Former Penn State coach Jerry Sandusky convicted of child sex abuse

Former Penn State assistant football coach Jerry Sandusky faces life in prison following his conviction late Friday of sexually assaulting 10 boys over 15 years, a scandal that shook the storied football program to its core and caused the university to fire legendary coach Joe Paterno.

Sandusky, 65, was led from the courtroom in handcuffs after being found guilty of 45 of 48 counts. Sentencing will be in about three months, but mandatory minimums will keep him behind bars for life. Joseph Amendola, Sandusky's lead defense attorney, confirmed to on Saturday that he has been placed on suicide watch, citing "standard procedure" in a high-profile case.

Sandusky, a retired defensive coach who was once Paterno's heir apparent, showed little emotion as the verdict was read, giving his wife, Dottie, and family members a half-wave as the county sheriff led him away. Bystanders also hurled insults at him, including one who yelled for Sandusky to "rot in hell," to which the former Penn State icon shook his head.

There were only three acquittals among the charges related to 10 victims, eight of whom took the stand to describe fondling, forced oral sex and anal rape. Many of the accusers testified that they had told no one of the abuse that dated as far back as the mid-1990s -- not parents, not girlfriends and not police.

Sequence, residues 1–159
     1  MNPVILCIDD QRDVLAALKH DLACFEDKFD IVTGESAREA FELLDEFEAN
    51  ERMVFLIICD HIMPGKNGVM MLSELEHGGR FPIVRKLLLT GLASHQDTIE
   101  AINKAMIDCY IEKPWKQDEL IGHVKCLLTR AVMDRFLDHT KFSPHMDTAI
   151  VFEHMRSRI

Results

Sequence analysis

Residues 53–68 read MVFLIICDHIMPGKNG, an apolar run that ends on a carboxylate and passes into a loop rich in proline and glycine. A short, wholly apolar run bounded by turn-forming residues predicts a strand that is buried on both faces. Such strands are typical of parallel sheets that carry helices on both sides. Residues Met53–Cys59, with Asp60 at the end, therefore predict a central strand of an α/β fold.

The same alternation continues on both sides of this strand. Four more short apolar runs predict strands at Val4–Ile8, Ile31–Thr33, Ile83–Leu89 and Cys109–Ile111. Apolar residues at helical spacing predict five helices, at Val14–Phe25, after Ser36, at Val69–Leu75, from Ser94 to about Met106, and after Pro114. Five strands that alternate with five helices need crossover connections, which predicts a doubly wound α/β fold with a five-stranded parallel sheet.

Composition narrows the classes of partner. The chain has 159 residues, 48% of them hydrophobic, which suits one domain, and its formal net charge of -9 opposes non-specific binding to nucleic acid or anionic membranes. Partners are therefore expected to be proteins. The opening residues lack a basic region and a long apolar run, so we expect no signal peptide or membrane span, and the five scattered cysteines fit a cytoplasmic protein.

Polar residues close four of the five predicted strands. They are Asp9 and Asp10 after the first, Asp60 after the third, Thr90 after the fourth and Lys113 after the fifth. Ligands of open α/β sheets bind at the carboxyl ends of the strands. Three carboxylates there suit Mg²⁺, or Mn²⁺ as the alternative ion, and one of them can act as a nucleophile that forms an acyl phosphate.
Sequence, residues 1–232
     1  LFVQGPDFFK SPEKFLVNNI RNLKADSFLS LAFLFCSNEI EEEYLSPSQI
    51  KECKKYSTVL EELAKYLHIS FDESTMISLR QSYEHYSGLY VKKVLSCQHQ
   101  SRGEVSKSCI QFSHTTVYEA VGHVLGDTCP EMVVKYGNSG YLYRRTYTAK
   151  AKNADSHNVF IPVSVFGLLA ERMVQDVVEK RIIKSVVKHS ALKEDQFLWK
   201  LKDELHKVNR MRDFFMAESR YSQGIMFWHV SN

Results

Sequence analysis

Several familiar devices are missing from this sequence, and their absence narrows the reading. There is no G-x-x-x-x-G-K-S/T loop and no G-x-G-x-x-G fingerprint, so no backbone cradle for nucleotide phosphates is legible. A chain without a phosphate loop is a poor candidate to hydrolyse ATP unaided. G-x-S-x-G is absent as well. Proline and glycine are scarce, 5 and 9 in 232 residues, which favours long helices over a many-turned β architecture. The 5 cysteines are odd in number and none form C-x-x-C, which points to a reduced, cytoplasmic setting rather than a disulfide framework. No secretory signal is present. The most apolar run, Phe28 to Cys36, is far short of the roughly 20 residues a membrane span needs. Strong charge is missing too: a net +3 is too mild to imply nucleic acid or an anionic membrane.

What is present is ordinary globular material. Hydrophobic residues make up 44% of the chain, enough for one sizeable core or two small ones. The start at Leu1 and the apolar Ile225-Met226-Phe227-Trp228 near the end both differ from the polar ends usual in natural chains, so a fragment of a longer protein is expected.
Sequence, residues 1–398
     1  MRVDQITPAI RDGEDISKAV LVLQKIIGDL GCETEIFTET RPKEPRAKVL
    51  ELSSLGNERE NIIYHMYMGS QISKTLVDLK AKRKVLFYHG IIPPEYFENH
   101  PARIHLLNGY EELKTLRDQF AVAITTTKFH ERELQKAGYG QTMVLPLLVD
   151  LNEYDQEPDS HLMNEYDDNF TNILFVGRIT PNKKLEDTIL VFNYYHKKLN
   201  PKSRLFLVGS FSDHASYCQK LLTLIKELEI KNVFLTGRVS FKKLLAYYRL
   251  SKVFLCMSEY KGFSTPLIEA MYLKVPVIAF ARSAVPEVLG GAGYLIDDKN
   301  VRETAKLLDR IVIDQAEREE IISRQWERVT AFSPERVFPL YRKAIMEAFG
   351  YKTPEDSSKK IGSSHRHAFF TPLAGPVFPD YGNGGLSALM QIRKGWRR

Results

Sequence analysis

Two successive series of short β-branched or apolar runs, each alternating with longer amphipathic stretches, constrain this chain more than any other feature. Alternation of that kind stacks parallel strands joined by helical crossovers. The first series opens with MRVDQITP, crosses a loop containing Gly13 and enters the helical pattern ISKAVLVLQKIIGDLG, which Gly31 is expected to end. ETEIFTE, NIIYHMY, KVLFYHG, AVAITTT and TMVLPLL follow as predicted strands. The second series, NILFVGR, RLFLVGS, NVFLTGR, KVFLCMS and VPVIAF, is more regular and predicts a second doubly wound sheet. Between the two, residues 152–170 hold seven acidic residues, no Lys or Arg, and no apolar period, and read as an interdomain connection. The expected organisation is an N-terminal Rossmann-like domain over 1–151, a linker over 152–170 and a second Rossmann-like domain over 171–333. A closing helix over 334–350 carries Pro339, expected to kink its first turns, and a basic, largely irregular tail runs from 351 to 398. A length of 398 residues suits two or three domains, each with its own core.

Pennsylvania Attorney General Linda Kelly spoke immediately after the verdict, praising the victims for the courage to testify. She said she hopes the verdict "helps these victims heal and helps other victims of abuse to come forward."

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    "One of the recurring themes in this case was, `Who would believe a kid?'," she said. "The answer is `We here in Bellefonte, Pennsylvania, would believe a kid."

    Attorneys Justine Andronici and Andrew Shubin, who represent some of the victims of Sandusky's sexual abuse, including Victim 3 and Victim 7 who testified in the trial, said in a statement their clients are "relieved and grateful" about the verdict.

    "The verdict is a direct result of the victims' inspiring courage," the statement read. "The victims provided heart-wrenching accounts of abuse, manipulation and betrayal by one of the most powerful and protected members of this community."